Saturday, April 22, 2006

Army Base needs Rabbi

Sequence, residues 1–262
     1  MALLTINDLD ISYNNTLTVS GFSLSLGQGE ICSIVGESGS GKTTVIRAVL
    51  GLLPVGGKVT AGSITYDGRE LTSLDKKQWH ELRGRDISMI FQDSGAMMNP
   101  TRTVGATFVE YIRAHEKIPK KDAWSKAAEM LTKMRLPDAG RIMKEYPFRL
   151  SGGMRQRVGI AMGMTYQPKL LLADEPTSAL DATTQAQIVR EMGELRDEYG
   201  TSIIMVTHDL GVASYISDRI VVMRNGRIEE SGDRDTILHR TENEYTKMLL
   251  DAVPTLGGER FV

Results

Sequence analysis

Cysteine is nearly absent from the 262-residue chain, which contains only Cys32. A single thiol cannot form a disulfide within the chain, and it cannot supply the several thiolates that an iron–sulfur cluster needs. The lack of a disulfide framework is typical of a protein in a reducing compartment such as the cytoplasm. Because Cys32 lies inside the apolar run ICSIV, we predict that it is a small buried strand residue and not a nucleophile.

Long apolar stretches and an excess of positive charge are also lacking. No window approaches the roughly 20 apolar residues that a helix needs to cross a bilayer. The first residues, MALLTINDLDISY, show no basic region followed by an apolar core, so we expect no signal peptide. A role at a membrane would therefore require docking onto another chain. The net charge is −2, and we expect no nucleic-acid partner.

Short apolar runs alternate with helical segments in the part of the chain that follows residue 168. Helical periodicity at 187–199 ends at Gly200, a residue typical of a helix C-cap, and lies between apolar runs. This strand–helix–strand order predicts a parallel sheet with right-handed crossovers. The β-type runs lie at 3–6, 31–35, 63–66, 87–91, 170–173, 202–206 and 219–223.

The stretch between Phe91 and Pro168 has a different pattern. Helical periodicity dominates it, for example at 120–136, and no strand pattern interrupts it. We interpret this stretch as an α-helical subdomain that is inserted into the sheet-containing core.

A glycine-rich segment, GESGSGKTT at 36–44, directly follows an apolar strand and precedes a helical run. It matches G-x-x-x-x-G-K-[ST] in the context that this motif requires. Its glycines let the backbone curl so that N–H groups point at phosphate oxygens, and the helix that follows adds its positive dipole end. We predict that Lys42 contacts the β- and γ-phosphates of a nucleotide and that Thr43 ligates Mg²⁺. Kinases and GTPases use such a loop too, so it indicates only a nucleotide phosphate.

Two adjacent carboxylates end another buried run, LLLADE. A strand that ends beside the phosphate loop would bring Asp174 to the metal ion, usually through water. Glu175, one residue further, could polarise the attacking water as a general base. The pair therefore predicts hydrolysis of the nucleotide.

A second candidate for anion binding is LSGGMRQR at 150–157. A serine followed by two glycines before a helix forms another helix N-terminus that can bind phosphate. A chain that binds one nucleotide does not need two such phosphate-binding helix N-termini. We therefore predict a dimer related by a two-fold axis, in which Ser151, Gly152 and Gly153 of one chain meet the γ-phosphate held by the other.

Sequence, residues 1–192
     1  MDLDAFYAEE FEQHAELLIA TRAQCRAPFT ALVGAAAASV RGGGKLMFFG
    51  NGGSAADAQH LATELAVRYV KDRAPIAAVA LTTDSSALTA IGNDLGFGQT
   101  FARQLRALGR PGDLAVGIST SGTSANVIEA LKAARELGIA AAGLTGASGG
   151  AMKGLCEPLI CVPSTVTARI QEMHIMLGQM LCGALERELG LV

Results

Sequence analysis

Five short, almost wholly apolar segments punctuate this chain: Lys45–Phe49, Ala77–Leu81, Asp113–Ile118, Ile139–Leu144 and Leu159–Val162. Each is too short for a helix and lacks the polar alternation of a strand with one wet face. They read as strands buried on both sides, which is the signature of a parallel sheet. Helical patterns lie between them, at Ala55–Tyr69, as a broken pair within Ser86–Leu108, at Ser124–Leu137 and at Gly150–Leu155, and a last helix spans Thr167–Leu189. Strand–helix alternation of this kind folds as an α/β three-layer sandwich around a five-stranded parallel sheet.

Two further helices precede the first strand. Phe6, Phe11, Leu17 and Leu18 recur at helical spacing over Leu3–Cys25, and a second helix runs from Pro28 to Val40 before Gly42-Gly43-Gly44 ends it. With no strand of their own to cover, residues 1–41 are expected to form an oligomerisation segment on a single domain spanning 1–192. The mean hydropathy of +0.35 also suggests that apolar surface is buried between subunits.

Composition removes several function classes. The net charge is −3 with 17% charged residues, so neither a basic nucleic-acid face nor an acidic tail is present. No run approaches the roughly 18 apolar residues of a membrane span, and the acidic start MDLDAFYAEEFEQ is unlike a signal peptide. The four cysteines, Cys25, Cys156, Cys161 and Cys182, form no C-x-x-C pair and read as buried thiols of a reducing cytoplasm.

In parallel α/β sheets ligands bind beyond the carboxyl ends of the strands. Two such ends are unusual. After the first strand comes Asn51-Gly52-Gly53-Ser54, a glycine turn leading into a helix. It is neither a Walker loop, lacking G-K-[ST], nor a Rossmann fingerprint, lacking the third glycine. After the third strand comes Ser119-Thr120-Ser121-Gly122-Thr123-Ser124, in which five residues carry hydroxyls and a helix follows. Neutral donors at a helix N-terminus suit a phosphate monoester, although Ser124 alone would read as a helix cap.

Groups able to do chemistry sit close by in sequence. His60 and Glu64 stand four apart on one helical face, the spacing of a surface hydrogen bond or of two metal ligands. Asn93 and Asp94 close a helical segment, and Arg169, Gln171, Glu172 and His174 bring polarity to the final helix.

Estripes: Like thousands of other 13-year-old Jews last summer, Cole Dadswell celebrated his bar mitzvah — the crucial Jewish coming-of-age rite.But unlike that of most of his peers, the Camp Zama boy’s ceremony was held in a synagogue thousands of miles away, in Virginia. With no rabbi to serve the needs of military families in Japan, Cole did lessons with a rabbi by phone and used cassette tapes mailed to him to practice songs.Cole’s mother, Laura Dadswell, said without the understanding of that rabbi — a former servicemember himself — and from her family’s congregation back home, the unconventional ceremony might not have been possible.“We were very lucky,” she said.For the estimated 300 Jewish servicemembers, civilians and their families stationed in Japan, meeting ceremonial and ritual needs such as bar mitzvahs can be challenging or sometimes impossible.Since the last rabbi to be stationed in Japan left Okinawa in 2002, the various Jewish communities have used creativity and perseverance to maintain their traditions and community.“Without a doubt it is harder than in the civilian world,” said Laura Dadswell, wife of Warrant Officer Martin Dadswell.In the States, families can join an off-base congregation. In South Korea, one Jewish chaplain permanently based there serves the entire peninsula. In Japan, there is no military option.......
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